Cynthia’s and my early morning conversations are the heart behind Good Morning, Lord . . . Can We Talk? In this devotional, I’ve included many of the topics Cynthia and I have discussed over the years in the time we’ve set apart each day. My hope is that through this book you, too, will start each day cultivating your relationship with the Lord. You don’t have to do anything special. Just spend time every day with Him. Read His Word. Talk to Him. Laugh when you want to. Cry when you need to. And never underestimate the importance of listening.
I know life is busy. How could you possibly fit in time to sit still every day? Here’s how: Put the urgent on hold. Do what’s important first. The urgent will always be there. You’ll be better equipped to meet it, if you do what’s important first. (You may even find that some urgent matters simply aren’t “urgent” anymore.)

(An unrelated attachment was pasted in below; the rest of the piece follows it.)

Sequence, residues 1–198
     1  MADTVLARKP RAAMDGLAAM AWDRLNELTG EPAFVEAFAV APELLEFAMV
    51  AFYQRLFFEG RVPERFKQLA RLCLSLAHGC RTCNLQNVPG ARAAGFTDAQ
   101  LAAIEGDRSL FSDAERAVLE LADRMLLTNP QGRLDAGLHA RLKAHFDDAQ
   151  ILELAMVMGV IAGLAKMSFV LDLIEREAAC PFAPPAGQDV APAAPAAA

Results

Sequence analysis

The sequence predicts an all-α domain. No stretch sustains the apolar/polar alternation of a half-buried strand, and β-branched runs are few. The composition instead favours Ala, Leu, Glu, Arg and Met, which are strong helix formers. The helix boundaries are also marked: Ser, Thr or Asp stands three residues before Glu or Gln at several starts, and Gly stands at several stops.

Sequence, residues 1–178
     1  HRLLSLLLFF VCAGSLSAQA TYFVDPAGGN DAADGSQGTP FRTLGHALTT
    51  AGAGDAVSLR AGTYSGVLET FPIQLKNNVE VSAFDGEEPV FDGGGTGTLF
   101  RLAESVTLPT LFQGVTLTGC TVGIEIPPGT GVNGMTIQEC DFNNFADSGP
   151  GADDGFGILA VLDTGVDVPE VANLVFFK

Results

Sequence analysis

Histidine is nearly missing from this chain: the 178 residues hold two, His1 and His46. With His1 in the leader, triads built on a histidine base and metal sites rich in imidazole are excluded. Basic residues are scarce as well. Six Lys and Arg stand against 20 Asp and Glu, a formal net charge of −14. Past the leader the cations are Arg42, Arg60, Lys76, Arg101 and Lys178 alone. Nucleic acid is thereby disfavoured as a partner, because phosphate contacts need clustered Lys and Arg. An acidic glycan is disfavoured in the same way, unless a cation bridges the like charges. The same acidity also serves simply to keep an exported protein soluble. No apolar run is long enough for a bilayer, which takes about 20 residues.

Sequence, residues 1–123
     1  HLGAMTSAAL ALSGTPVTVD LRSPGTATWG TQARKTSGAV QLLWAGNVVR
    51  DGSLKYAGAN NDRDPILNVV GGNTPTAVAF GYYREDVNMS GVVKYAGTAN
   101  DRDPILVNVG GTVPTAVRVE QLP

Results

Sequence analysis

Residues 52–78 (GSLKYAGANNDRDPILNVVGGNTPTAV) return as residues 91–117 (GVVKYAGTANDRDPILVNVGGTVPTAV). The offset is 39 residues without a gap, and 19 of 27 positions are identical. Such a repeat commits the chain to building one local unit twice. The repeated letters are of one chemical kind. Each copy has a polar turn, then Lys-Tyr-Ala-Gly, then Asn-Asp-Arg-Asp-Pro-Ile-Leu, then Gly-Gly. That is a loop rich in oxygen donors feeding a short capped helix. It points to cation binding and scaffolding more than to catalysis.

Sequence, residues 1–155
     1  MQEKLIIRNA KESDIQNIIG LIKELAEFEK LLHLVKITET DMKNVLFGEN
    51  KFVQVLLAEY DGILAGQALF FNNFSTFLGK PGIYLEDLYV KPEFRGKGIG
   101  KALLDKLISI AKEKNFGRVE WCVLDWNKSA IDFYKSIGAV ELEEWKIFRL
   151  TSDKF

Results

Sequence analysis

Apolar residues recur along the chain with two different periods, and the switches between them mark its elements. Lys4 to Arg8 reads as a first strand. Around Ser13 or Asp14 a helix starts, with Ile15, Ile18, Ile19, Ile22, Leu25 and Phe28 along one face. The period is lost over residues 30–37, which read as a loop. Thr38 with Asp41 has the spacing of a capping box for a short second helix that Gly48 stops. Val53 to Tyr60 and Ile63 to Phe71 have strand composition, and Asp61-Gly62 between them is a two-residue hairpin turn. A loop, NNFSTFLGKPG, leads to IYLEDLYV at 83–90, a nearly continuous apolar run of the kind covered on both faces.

God has given you His Word for the express purpose of connecting with you to change your life. I’m living proof! I don’t have an unbreakable bond with the Lord because He called me to be a pastor. I don’t have a deep, meaningful connection with my wife because I’m a pastor either. I have both because God’s powerful Word changed my life! To this day, it feeds my soul with new insight, wisdom, and joy, flowing from passages I know by heart. Because I’ve daily dedicated time to Scripture, I’ve yet to encounter a heartbreak or challenge that has left me helpless. God’s timeless Word addresses everyissue. Whatever may come, the Scriptures are able to help me through it.
That kind of confidence, that kind of life-changing relationship with the Almighty, isn’t just for pastors or missionaries or a chosen few. God created each one of us to be able to connect with Him through the saving grace of Jesus Christ and the power of the Holy Spirit and His Word.
So commit today to waking up and saying, “Good morning, Lord . . . Can we talk?” I promise, it will get easier as you practice, and you’ll never regret it. The deep, meaningful bond you’ll cultivate with your Savior by spending time with Him will become unbreakable. It will be the rich, rewarding joy, comfort, and satisfaction that brings you back together every morning.
Originally posted on readthearc.com.
Copyright © 2018 by Charles R. Swindoll, Inc. All rights are reserved worldwide.